Phi Beta Cons

Happy Thanksgiving, Pt. 2

More on the Thanksgiving Day flap, from Joseph Knippenberg of the Ashbrook Center blog No Left Turns:

A professor is being fired for forwarding George Washington’s 1789 Thanksgiving Proclamation to his colleagues on a faculty email list.
Well, it’s not quite that simple. His email provides a link to the source (Pat Buchanan’s website) and closes with this ironic statement: “I apologize if I preempted the Diversity Office in posting this.” He knew he was tweaking someone’s nose, and the tweakees responded, with five colleagues filing complaints about harassment because of the link to Buchanan’s site (which, of course, presents his views about immigration, albeit not on the page to which the good professor linked). The letter he received indicating that the administration was recommending his firing cited his violation of harassment and email use policies. The former charge, as FIRE’s response argues, would withstand legal scrutiny, at least as related to this particular event. He is apparently not a first-time violator of the college’s email use policies and has been subjected to “intermediate sanctions” in the past.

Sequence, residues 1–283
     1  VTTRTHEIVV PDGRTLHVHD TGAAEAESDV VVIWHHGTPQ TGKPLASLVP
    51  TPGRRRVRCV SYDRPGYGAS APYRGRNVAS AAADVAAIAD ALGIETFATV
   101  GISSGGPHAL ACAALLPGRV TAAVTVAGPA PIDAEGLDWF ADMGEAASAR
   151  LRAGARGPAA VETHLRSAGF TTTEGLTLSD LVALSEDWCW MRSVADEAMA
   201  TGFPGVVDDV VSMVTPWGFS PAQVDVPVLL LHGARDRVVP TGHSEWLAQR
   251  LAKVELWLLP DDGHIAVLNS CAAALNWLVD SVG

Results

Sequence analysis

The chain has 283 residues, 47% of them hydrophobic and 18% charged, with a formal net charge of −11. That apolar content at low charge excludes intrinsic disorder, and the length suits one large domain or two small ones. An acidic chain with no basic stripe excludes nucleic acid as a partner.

A little googling gives us more background, including this, this, and this, as well as this and this. It’s pretty clear that FIRE doesn’t provide us with the context, which includes all sorts of previous legal action stemming from the professor’s strong opinions about immigration and his conflict with Hispanic activists. His adversaries were primed to find offense in something apparently innocent, and his supervisors were clearly fed up with defending him. That said, forwarding the Thanksgiving Proclamation can’t be a firing offense. It’s not harassment, and, even if it is a violation of email policy, it’s the kind of thing people do all the time and which administrators typically do not punish. My reading of the situation is that the professor found a way to needle his adversaries that should have been unassailable. His adversaries of course won’t be embarrassed by their overreaction to this. His employers ought to be pilloried for succumbing to their pressure. And they deserve to lose the inevitable lawsuit.

John J. Miller, the national correspondent for National Review and host of its Great Books podcast, is the director of the Dow Journalism Program at Hillsdale College. He is the author of A Gift of Freedom: How the John M. Olin Foundation Changed America.